by Asinus Asinum Fricat
Tue Apr 29th, 2008 at 12:40:05 PM EST
New Ageism? No. Stark reality. As I was returning home late last night, I was listening to a BBC report on the radio. Damning report indeed. By 2025, two thirds of the population will experience a severe shortage of water. I can't find the audio, but believe me, we are facing a serious crisis. The amount of water in the world is limited. The human race, and the other species which share this planet, cannot expect an infinite supply. The world is incurring a vast water deficit. It is largely invisible, historically recent, and growing fast.
The main conflicts in the world during the next 25 years could be over that most precious of commodities as countries fight for access to scarce resources. We have available less than 0.08% of all the Earth's water. Yet over the next two decades our use is estimated to increase by about 40%. Something has to give.
The inconvenience of a lengthy US presidential election means that a great amount of time is being lost. Instead of preparing for this incoming disaster, we are bombarded with inanities from the right wing nuts about Obama's choice of orange juice over coffee and idiotic accusations of bitter elitism. WTF is wrong with them?
Cross-posted from Politicook.net and DKos
Diary rescue by Migeru
We use about 70% of the water we have in agriculture. But the World Water Council believes that by 2020 we shall need 17% more water than is available if we are to feed the world. Meanwhile many countries suffer accelerating desertification. Water quality is deteriorating in many areas of the developing world as population increases and salinity caused by industrial farming and over-extraction rises. Exacerbating the problem, about 95 percent of the world's cities still dump raw sewage into their waters.
It's not all grim. There are some ways to begin to tackle the problem. I read that irrigation systems which drip water directly onto plants are one, precision sprinklers another. I'm a great fan of the CSIRO Australia's prime research organisation which strives to come up with less water-intensive crops among other things. Desalination may play a part though it is energy-hungry and leaves quantities of brine for disposal. However, Reverse osmosis has gained traction and has made great strides. The idea is to use the membrane to act like an extremely fine filter to create drinkable water from salty (or otherwise contaminated) water. The salty water is put on one side of the membrane and pressure is applied to stop, and then reverse, the osmotic process. It generally takes a lot of pressure and is fairly slow, but it works. This link provides 146 Products from 76 Companies involved in reverse osmosis, worth looking at. Osmosis, by the way, is why drinking salty water (like ocean water) will kill you. When you put salty water in your stomach, osmotic pressure begins drawing water out of your body to try to dilute the salt in your stomach. Eventually, you dehydrate and die slowly. Same thing if you drink your own urine if you happen to be stuck in a desert: you can drink your own urine but it decreases your period of survival. This I know from reading Bill Bryson's excellent book on Australia.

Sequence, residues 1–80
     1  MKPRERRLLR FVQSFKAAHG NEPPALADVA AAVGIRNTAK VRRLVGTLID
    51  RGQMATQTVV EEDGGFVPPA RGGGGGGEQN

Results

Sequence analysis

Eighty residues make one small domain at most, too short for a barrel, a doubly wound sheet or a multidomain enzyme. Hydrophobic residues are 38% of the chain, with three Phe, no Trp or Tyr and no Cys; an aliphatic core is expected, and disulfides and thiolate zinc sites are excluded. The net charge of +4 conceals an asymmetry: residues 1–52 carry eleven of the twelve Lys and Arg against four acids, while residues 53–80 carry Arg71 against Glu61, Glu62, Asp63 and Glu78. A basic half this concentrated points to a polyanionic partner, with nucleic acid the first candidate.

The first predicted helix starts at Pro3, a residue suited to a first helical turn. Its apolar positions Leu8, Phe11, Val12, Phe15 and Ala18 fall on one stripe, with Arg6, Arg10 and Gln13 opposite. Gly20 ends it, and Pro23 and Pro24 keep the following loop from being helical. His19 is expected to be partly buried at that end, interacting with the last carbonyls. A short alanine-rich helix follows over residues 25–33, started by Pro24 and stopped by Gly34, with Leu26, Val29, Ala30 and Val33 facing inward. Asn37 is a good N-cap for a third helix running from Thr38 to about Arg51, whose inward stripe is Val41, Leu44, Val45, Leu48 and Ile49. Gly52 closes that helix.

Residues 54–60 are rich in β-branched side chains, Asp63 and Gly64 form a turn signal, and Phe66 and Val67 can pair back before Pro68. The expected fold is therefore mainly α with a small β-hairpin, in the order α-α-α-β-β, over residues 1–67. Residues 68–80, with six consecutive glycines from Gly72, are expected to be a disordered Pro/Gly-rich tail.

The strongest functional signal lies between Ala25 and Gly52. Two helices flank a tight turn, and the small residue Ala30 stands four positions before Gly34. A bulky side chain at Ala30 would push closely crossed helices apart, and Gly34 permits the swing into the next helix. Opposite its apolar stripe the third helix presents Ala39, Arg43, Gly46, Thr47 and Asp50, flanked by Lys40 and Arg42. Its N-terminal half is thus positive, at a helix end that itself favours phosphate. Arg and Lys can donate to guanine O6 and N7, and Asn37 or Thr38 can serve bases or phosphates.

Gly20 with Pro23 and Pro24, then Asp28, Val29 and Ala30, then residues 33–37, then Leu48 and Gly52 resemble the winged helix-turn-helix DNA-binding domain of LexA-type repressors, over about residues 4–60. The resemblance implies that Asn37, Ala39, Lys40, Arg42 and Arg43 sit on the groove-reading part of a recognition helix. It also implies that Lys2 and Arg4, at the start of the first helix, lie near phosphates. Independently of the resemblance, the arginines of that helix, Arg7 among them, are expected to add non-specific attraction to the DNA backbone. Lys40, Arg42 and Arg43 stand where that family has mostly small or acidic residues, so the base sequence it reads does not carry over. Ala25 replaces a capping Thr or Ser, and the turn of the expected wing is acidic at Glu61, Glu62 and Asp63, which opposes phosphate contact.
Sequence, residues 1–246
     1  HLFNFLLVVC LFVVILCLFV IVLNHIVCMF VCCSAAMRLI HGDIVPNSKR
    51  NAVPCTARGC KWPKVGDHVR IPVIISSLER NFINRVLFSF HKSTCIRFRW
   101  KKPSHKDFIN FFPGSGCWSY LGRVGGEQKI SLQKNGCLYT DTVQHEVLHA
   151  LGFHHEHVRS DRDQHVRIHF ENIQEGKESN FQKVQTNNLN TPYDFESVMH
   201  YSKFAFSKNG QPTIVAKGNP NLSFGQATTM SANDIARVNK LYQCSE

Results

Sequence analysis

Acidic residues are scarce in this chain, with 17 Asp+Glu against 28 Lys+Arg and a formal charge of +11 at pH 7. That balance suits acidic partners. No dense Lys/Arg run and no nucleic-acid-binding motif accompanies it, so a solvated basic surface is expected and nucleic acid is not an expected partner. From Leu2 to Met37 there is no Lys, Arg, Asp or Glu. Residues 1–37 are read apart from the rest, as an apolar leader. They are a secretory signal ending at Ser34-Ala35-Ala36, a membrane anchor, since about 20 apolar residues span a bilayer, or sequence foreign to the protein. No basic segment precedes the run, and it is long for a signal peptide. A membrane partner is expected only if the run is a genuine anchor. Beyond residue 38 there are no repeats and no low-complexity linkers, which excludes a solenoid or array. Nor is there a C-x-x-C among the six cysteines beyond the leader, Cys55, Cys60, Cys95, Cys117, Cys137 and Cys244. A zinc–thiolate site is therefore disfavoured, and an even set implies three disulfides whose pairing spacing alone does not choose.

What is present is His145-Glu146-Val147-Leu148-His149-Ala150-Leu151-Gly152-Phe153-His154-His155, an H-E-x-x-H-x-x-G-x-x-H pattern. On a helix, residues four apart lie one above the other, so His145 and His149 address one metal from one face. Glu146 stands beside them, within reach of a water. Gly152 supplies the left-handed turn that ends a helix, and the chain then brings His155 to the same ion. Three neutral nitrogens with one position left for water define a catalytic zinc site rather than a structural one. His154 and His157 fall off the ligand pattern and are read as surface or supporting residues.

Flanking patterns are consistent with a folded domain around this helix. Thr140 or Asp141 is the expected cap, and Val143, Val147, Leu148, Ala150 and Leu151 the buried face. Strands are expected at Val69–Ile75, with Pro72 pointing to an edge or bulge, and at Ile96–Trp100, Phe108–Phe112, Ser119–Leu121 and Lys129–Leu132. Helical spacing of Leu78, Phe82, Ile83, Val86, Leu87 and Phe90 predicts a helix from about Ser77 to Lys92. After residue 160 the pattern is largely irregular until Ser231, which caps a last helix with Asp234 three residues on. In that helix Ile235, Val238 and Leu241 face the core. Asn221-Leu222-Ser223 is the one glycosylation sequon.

If you thought the title of this diary a tad feverish (and it is) the following extracts will not put your mind at rest either.
Fears of food shortage as rice prices keep climbing:
Food prices are continuing to sky-rocket throughout Asia, causing many governments to intervene to try to stabilise their domestic rice prices for fear of acute shortages in the future and possible food riots
A shortage of water allows more dust in the air, causing more respiratory problems:
Besides diseases caused by shortages of clean water, Health Minister Khristos Patsalides of Cyprus noted that decreased rainfall also allows more dust to circulate in the air, causing more respiratory problems. A similar warning came from Shigeru Omi, head of the World Health Organization's Western Pacific Office, who noted that at least 150,000 more people are dying each year of malaria, dengue fever, waterborne diseases, famine, and floods, all of which can be traced to climate change.
Alarm bells sound over arid land in Greece:
At a climate conference in Thessaloniki, Greece's second-largest city, researchers from the University of Thessaloniki said that changes in farming techniques and better management of groundwater were the keys to reducing the risk of desertification in several parts of the country. Professor Nikolaos Sillaios listed temperature increases, more wildfires, and more frequent flooding as the chain of events that led to soil erosion.
As the world warms, water, either too little or too much of it, is going to be the major problem for the United States:
Reduced snow melt supplying water for the Sacramento Valley in California means that by 2020 there won't be enough water to meet the needs of the community. That will step-up the competition for water. On the East Coast, rising sea levels will make storm surge "the No. 1 vulnerability for the metropolitan East Coast,'' said study lead author Cynthia Rosenzweig of NASA. "It's a very real threat and needs to be considered for all coastal development.''
A few weeks ago I wrote another diary on water. The links provided in that diary are relevant to this piece today.